Read The Double Dabble Surprise by Beverly Lewis Free Online
Book Title: The Double Dabble Surprise|
The author of the book: Beverly Lewis
City - Country: No data
Loaded: 2385 times
Reader ratings: 3.1
Edition: Bethany House Publishers
Date of issue: March 1st 1995
ISBN 13: 9781556616259
Format files: PDF
The size of the: 19.70 MB
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This is the complete review as it appears at my blog dedicated to reading, writing (no 'rithmatic!), movies, & TV. Blog reviews often contain links which are not reproduced here, nor will updates or modifications to the blog review be replicated here. Graphic and children's reviews on the blog typically feature two or three images from the book's interior, which are not reproduced here.
Note that I don't really do stars. To me a book is either worth reading or it isn't. I can't rate it three-fifths worth reading! The only reason I've relented and started putting stars up there is to credit the good ones, which were being unfairly uncredited. So, all you'll ever see from me is a five-star or a one-star (since no stars isn't a rating, unfortunately).
WARNING: Unhidden spoilers may be in this review!
This was on clearance and I can see why! I picked it up because it looked like an interesting way to teach children about cultural differences and acceptance, but it turned out o be exactly the opposite - it was a classic example of American imperialism at its worst, assimilating and subduing cultures, and being patronizing and condescending towards people who aren't "lucky enough" to be born American, and I refuse to recommend this or the series it begins. I had no idea that it was really a religious tract disguised as a children's story.
Abby and Cary Hunter are expecting new sisters - but their mom isn't pregnant. These sisters are coming from "Korea". Why Korea, I have no idea. Were this story written in the late fifties I could see some sort of logic to that, but it was written in the mid-nineties. I would have thought there were other nations which had more of a problem with parentless children than "Korea". And why "Korea" - as opposed to North Korea or South Korea? It's like the author didn't know the nation was split, or didn't care.
There's evidently been a mix-up, and instead of two girls showing up, two boys show up. For me this would have called into question the competence of this entire adoption operation, but Abby and Carly's parents take the boys in anyway, fully expecting to kick then out in three days when the girls arrive! Never once is any consideration given to what the boys are going through, Indeed, the boys seem neither tired nor dejected, neither sad nor nervous, and they speak pretty much fluent English. No problems here!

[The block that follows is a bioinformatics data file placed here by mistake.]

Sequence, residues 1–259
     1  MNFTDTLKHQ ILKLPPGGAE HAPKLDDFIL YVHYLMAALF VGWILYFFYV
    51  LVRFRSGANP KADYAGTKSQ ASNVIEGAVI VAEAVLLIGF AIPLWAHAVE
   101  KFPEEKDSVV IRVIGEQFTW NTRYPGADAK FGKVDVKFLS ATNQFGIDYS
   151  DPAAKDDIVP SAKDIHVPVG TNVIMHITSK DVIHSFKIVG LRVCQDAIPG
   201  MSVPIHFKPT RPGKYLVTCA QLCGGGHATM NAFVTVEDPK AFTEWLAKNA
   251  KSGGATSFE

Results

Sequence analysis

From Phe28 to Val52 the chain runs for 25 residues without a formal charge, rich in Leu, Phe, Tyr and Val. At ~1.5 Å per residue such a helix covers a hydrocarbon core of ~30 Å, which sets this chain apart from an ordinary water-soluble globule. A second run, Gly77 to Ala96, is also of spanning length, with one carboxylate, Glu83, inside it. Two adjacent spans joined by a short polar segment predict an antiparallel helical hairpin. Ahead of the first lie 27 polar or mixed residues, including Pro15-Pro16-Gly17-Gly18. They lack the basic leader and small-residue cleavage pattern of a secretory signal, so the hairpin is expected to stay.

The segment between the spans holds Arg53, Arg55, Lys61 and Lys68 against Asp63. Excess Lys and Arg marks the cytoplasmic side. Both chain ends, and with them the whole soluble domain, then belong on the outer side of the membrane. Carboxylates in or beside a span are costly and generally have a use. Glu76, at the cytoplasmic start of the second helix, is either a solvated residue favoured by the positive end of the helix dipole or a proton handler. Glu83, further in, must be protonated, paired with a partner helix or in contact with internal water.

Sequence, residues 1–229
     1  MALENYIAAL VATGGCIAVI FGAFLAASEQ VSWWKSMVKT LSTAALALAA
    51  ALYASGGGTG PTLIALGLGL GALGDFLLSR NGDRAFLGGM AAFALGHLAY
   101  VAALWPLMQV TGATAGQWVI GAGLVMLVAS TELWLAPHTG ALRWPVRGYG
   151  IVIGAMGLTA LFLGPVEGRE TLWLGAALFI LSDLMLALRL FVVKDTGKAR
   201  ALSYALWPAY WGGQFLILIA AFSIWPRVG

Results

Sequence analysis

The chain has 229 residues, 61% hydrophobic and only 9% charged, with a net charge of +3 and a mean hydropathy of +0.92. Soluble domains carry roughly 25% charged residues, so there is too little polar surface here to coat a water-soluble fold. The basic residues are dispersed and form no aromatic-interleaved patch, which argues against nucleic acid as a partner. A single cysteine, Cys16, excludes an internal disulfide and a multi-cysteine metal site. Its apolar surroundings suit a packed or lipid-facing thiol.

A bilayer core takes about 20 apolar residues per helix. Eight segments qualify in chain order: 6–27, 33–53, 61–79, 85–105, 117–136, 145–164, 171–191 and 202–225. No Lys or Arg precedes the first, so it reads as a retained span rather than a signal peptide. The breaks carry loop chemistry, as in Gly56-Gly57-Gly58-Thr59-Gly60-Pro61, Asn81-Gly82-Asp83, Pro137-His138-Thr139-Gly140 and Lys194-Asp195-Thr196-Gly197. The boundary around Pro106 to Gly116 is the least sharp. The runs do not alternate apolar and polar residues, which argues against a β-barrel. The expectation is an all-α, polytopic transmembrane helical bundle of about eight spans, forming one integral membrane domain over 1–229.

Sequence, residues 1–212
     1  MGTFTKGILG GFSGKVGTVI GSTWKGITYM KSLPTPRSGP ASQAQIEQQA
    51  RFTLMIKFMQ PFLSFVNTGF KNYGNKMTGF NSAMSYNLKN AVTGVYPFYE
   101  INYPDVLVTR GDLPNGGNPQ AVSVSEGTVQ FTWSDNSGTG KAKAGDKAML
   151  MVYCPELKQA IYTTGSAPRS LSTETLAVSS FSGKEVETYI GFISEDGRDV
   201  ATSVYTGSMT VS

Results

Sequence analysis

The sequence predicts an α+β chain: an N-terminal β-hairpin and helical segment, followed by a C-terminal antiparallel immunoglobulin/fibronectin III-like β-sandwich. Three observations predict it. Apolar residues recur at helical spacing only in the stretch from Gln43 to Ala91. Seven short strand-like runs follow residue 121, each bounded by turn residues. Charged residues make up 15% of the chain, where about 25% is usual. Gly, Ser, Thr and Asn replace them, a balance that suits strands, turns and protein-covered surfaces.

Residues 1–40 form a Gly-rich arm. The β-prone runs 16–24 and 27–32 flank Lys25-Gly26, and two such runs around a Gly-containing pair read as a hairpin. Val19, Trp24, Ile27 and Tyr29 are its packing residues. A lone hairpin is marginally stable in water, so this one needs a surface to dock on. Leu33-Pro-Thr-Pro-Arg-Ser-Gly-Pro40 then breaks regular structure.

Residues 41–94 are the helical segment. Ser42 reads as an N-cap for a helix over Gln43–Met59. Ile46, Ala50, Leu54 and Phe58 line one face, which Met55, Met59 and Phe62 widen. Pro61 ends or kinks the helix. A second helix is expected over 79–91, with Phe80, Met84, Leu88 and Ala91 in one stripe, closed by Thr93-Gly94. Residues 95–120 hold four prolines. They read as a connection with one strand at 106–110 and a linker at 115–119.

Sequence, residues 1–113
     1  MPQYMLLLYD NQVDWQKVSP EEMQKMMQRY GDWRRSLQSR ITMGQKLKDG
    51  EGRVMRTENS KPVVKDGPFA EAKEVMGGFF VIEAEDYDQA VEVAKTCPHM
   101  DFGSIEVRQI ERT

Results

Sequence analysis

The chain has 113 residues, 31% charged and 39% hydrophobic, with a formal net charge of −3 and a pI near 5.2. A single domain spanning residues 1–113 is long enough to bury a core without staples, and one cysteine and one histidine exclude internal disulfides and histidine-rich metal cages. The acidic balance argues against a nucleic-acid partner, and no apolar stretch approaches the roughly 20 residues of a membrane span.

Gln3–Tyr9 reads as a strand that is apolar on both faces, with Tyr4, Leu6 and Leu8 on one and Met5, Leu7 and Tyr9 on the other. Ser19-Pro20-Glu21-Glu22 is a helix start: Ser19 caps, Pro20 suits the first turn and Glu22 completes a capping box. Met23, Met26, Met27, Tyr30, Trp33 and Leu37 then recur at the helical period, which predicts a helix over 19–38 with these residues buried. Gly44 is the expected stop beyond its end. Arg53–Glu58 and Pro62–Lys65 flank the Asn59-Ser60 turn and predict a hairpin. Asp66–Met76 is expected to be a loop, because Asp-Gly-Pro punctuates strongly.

Except that the girls don't take to the boys, who are named Sung Jin and Joon Koo. They wanted sisters. Seong would have sounded more realistic than Sung and Joon rather than Choo, but let's not get into pronunciations - they're rather flexible anyway to we in the west. This isn't even the problem (not yet). The problem is that these boys are suddenly expected to abandon their entire heritage and become generic Americans, with no regard whatsoever for the religion they were raised in, or for their culture. Mom starts cooking barrels of rice every meal, like Koreans eat nothing but, and the boys are immediately assimilated. This struck me as odd at best, and insulting at worst.
Seriously, why even try to emulate their traditional foods, if you're going to trample all over the rest of their heritage? Their own religion never is even considered. They're immediately assimilated into sentimental Christianity and prayed over as they're preyed on. It's automatically assumed that they must be given western names. Joon Koo is shown to be fully in favor of ditching the name he's had for years, like it's a disease which can only be cured with a good dose of Americanism! He wants to be called "Jimmy".
Later the girls discuss Sung Jin, asking if he will always have two names, and Abby settles it by saying, "Only until he gets an American name" - not even a western name, but an American one! It's like their real names are an embarrassment - something only an orphan would have. When someone asks how the boys are doing, they're told that the boys are learning to pray for their food - not to thank farmers, but to thank the girls' invisible, non-interactive god for it - and that one of the boys is reminding this god that he's eating American rice now - yes, italicized American! - because "Korean" rice evidently sucks!
I couldn't believe I was reading this crap in a novel written in the mid-nineties. To me it illustrated the very worst that organized, blinkered religion has to offer, and it was nauseating to read. I flatly refuse to recommend any book like this.
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Read information about the authorLibrarian Note: There is more than one author in the Goodreads database with this name.
Beverly Lewis, raised in Pennsylvania Amish country and both a schoolteacher and an accomplished musician, has been an award-winning author for over a dozen years. Her acclaimed novel, The Preacher's Daughter, was a 2006 Quill Book Award finalist in the romance category. Her books have appeared on numerous bestseller lists, including USA Today and The New York Times. She and her husband, David, live in Colorado."
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